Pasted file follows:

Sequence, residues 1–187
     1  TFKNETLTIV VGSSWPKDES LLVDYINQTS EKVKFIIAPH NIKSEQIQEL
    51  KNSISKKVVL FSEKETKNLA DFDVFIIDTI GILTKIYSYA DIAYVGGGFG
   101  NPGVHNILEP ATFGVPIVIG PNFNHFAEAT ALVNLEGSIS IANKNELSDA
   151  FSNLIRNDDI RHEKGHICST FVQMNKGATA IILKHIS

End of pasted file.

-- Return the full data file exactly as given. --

Sequence, residues 1–187
     1  TFKNETLTIV VGSSWPKDES LLVDYINQTS EKVKFIIAPH NIKSEQIQEL
    51  KNSISKKVVL FSEKETKNLA DFDVFIIDTI GILTKIYSYA DIAYVGGGFG
   101  NPGVHNILEP ATFGVPIVIG PNFNHFAEAT ALVNLEGSIS IANKNELSDA
   151  FSNLIRNDDI RHEKGHICST FVQMNKGATA IILKHIS